Even in historical eras remembered for great heroism and selflessness, crime has remained a constant figure of societies. In fact, the brutal, local, chaotic war upon a society that was released in Kentucky during the Civil War era may have led to a significant uptick in criminal activity.
Courts were overflowing with cases, local justice systems were overwhelmed, and the governor became a last lifeline for many Kentuckians. Over half of each governor's wartime correspondence dealt with pardon requests and appeals to remit (reduce) portions of fines and prison sentences. Both Kentuckians who were victimized and those who had committed illegal acts because of the hard choices the war forced on them turned to the governor for aid.
The following documents show the range of request sent to the Civil War governors.
Primary SourcesMurder of Dr. Norwood:
- ROBERT GLASS TO BERIAH MAGOFFIN
- ALEX H. MAJOR TO BERIAH MAGOFFIN
- L. W. TRAFTON TO BERIAH MAGOFFIN
- F. A. CANNON ET AL., FIVE HUNDRED DOLLARS REWARD!
Petitions to the Governor:
- R. F. Baird and J. Hobson Price to Beriah Magoffin
- Mary Ann Burns to James F. Robinson
- Nicholas Simon to Thomas E. Bramlette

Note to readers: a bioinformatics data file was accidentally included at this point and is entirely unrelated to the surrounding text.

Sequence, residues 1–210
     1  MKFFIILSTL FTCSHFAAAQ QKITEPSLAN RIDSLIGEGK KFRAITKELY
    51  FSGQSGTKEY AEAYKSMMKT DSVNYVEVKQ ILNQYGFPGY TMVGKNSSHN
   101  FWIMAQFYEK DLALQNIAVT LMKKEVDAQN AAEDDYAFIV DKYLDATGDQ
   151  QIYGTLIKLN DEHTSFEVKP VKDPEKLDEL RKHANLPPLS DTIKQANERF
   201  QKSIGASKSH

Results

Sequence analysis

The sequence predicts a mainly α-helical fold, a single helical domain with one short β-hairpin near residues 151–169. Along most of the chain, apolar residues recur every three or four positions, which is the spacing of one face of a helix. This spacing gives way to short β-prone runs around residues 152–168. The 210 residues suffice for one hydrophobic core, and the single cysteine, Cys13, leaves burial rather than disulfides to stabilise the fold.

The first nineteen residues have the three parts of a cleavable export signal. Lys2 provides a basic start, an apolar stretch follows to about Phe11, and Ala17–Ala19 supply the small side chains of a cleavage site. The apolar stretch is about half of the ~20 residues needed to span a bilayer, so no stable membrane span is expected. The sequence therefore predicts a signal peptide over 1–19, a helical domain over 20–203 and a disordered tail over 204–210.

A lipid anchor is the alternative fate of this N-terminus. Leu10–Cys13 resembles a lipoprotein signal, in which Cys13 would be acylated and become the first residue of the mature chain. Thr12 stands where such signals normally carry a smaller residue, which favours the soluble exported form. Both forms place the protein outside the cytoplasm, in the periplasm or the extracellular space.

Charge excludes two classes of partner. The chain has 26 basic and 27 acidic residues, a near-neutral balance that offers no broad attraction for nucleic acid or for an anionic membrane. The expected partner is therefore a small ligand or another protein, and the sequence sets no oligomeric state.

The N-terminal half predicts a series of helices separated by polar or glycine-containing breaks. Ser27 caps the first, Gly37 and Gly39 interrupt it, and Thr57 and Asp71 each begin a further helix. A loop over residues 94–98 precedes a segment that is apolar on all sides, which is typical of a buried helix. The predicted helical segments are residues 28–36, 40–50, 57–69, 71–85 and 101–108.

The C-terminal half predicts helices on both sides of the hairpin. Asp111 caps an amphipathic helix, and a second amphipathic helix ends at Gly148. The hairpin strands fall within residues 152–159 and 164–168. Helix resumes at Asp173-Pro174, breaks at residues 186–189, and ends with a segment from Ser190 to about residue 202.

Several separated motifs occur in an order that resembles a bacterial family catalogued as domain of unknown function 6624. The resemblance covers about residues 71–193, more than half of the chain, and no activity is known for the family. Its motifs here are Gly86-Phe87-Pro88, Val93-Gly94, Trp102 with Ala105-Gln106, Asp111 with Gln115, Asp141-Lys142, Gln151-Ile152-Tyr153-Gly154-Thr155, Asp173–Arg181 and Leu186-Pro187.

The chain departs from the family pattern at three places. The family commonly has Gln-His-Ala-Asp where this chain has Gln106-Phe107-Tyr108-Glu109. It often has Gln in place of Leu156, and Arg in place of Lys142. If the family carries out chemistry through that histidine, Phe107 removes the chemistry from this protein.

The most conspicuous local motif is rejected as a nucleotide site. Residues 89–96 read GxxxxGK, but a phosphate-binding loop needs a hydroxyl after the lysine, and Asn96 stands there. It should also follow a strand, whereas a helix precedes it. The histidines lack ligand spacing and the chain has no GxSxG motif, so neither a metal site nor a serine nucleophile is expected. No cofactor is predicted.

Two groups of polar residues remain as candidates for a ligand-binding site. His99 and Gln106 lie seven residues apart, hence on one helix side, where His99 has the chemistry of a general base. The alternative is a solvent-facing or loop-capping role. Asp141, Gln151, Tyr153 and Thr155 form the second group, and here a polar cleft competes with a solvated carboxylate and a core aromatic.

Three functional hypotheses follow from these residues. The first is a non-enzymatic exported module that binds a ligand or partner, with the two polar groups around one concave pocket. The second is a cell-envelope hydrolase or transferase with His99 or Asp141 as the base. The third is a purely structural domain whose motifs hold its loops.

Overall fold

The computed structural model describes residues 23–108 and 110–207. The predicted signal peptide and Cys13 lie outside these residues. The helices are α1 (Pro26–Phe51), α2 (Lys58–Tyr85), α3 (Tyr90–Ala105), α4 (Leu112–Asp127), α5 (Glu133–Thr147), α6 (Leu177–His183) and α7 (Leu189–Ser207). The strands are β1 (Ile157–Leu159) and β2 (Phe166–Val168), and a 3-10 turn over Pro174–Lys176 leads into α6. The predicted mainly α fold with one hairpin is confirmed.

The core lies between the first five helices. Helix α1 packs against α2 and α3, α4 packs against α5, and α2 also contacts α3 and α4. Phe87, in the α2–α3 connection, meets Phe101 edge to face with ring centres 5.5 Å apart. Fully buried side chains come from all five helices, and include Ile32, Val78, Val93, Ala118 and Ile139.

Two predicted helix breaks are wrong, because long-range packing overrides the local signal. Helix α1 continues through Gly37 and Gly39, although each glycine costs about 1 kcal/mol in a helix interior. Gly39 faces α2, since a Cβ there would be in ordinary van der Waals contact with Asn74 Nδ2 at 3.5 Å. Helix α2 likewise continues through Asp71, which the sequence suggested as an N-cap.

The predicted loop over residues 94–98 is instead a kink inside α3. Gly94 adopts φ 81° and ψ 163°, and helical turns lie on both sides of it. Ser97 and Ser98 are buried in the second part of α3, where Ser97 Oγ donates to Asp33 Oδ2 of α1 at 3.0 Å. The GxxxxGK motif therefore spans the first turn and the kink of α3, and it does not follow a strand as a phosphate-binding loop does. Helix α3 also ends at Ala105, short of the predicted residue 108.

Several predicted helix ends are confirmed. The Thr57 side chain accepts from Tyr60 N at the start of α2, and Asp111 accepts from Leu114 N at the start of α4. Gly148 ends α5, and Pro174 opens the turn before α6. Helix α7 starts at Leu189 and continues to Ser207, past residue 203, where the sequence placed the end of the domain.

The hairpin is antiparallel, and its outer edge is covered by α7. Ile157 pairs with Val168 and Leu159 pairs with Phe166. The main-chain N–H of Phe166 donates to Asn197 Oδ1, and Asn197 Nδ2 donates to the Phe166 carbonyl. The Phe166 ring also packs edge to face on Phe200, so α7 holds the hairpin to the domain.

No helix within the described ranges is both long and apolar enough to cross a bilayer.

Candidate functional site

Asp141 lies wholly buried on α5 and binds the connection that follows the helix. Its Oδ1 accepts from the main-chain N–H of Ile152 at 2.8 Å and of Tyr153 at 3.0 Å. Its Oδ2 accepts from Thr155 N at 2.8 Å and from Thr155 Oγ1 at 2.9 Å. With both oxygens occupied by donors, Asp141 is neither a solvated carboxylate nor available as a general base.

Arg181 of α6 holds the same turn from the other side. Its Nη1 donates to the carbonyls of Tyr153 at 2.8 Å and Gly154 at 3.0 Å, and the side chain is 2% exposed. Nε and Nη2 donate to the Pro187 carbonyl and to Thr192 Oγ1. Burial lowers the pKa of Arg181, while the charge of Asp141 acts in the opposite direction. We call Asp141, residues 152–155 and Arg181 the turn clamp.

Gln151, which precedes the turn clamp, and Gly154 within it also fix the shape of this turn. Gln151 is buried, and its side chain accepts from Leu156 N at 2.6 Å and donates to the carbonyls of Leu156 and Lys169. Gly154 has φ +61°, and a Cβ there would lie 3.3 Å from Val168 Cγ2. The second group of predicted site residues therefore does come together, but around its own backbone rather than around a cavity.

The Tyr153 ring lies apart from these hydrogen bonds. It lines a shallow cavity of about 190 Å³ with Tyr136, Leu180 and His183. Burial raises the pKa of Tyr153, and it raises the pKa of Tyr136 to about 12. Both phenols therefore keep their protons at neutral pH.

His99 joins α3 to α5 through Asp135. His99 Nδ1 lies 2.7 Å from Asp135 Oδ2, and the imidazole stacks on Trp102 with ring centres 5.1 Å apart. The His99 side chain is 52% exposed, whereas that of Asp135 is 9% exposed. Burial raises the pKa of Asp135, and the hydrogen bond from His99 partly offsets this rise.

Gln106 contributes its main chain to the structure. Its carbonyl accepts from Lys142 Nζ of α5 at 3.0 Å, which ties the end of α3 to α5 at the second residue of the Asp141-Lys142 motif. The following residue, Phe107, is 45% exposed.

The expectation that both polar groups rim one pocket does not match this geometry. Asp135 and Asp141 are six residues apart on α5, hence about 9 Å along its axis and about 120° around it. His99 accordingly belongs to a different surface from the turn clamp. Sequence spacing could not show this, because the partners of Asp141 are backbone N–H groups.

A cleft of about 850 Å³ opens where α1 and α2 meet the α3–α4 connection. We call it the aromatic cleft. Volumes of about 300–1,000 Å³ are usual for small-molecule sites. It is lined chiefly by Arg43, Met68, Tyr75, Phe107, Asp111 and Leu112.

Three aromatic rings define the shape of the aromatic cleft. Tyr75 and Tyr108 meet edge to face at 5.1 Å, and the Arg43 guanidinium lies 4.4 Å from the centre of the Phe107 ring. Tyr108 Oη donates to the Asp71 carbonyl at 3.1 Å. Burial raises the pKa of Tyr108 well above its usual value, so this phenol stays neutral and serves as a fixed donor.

Big Picture Questions
- How did crime change over the course of the war?
- Were Governors more willing to pardon, remit, or grant a respite? Why or why not?
- Do you think race and gender played a role in the decisions handed down by the governor? Explain your reasoning.
- MURDER!- As Governor would you issue a Warrant for Jim Brown? Why or Why not? (Use a T-Chart to write down your conclusions)
- Judge and Jury- Examine the facts of each petition, determine what the petition is requesting, and then decide if you agree or disagree with the governor.
- Amy Louise Wood, and University of Mississippi. Center for the Study of Southern Culture. 2011. Violence. The New Encyclopedia of Southern Culture, V. 19. Chapel Hill: University of North Carolina Press.
- “Irregular Violence and Trauma in Civil War Kentucky.” The Register of the Kentucky Historical Society116, no. 2 (Spring 2018): 146-292.